In many ways, autumn is the same as it ever was: the result of our Island, our region — this hemisphere — turning slowly away from the sun. Days still shrink as the nights grow longer. Temperatures gradually drop towards winter’s frigid lows, although perhaps not as low as they used to go. The trees still turn dramatic shades of yellow and red. And the indefinable qualities of the deepening blue sky, the brightening of the stars at night and the scent of leaves returning to the damp soil still stir feelings which defy description.
Culinarily, however, autumn isn’t what it used to be.
Not so long ago, fall was the season for preservation — a time for salting barrels of codfish and smoking bass and blues on large wooden racks, filling root cellars with apples, onions and potatoes, and boiling jars of extra tomatoes, squash and beans. Autumn was the season to harvest food from the farms, the fields and the sea, and to prepare for winter.
Many Islanders still stock up and put food away in the fall — farmers, fishermen and hunters. Hunters fill freezers with venison. Baymen, professional and amateur alike, gather scallops, one of the finest seafood delicacies available anywhere. And gardeners harvest and save whatever they can — winter squash, root vegetables and braising greens.
Few of us though, even on the Vineyard where there is so much local food, are truly self-sufficient. We have become global gourmands — and the fish we pull from the freezer in January may be served with spinach from California or a haunch of venison might be stewed with Moroccan olives and Italian tomatoes. And despite the detractions of dedicated locavores, this globalization of our diet does have its perks — fresh fruit and vegetables all year long, fine wines and cheeses from around the planet, chocolate, apricots and exotic spices. These things have their merits.
But where is the would-be seasonal cook supposed to find culinary inspiration? How to capture the gist of autumn on the Island while choosing among fall greens stocked side by side with produce from Timbuktu and Kalamazoo or settling for a canned pumpkin that was grown who knows where and who knows when?
The essence of autumn is unlikely to strike our imagination when we are standing in the canned goods aisle of a supermarket. Fall is an event best experienced outdoors, perhaps fishing, working in the garden or walking through the farmers market to see who’s growing what.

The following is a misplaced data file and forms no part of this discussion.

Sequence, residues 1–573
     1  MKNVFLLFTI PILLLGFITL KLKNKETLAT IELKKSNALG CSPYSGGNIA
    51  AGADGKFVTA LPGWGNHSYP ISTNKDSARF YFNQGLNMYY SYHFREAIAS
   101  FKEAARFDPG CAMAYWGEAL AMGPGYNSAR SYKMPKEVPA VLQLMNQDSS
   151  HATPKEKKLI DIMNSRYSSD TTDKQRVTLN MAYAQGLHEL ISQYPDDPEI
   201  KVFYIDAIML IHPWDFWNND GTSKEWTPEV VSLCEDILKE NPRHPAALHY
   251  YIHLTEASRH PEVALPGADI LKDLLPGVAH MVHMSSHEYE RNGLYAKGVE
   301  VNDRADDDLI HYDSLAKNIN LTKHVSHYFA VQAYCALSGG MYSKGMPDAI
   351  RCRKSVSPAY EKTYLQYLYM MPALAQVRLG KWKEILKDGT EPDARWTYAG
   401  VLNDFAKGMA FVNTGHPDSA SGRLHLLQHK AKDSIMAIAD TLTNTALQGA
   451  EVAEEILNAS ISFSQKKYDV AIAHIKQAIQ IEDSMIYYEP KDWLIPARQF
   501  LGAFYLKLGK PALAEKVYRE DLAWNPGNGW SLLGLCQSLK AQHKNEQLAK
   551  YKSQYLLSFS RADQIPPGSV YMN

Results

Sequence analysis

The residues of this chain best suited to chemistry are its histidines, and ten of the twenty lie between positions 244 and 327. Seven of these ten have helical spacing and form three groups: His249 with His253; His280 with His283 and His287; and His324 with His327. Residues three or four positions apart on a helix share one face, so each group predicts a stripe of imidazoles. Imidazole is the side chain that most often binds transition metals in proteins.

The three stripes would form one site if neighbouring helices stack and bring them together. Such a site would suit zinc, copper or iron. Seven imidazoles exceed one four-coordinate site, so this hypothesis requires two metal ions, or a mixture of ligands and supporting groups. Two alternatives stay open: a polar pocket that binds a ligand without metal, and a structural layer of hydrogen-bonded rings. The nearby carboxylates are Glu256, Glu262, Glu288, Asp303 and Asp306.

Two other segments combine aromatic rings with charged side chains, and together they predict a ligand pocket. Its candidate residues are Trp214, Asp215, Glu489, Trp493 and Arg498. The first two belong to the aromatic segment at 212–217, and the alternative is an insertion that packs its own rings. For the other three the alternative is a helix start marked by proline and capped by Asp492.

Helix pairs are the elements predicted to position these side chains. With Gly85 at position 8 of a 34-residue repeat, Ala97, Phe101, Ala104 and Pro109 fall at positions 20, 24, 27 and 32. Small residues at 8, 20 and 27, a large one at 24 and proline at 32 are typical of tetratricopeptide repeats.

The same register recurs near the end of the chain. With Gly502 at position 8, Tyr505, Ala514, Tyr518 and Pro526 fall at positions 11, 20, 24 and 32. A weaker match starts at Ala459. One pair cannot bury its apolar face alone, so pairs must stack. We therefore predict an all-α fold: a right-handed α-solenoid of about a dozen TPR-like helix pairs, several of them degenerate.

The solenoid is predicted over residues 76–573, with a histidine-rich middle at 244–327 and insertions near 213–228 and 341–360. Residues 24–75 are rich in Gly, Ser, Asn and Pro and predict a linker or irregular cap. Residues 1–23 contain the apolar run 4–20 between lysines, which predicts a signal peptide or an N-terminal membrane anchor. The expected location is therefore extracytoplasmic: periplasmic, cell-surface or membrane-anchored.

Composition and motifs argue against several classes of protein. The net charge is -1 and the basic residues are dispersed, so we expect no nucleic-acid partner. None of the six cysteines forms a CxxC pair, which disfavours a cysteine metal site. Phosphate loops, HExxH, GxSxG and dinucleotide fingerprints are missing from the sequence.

Good cooking is an act of creation, as artistic as painting, sculpture and opera, and the most genuine meals are an expression of both a place and a season, as perfected in the world’s great regional cuisines. A landscape painter goes outdoors and asks, what does autumn look like on the Island, what are the qualities of color and light? And the inspired chef asks, what does autumn taste like here, and what should its aroma be when I pull it from the oven?
Autumn is strong on the senses — with vivid colors, the scent of plants decomposing in the earth and the cool touch of winter approaching. The seasonal cook’s task is to in some way match these and other sensations with readily available ingredients — crisp apples and cold cider, bay scallops and oysters, bluefish and striped bass, pumpkins, Brussels sprouts and butternut squash.
These foods can all be made to match different seasons by preparing them in different ways and pairing them with different flavors. Grilling bass and topping it with fresh tomato vinaigrette makes a light-flavored summer dish, while roasting the fish with rosemary and leeks creates something earthier and more autumnal. Just-shucked raw oysters are refreshing for a summer day, while oysters wrapped in bacon and broiled with goat cheese are warmer and more reassuring on a cold November night.
But whatever the chosen dish, successful seasonal cooking requires experiencing and appreciating the season itself at least as much as following a recipe; capturing the flavor of autumn is not so much a task as an act of imagination.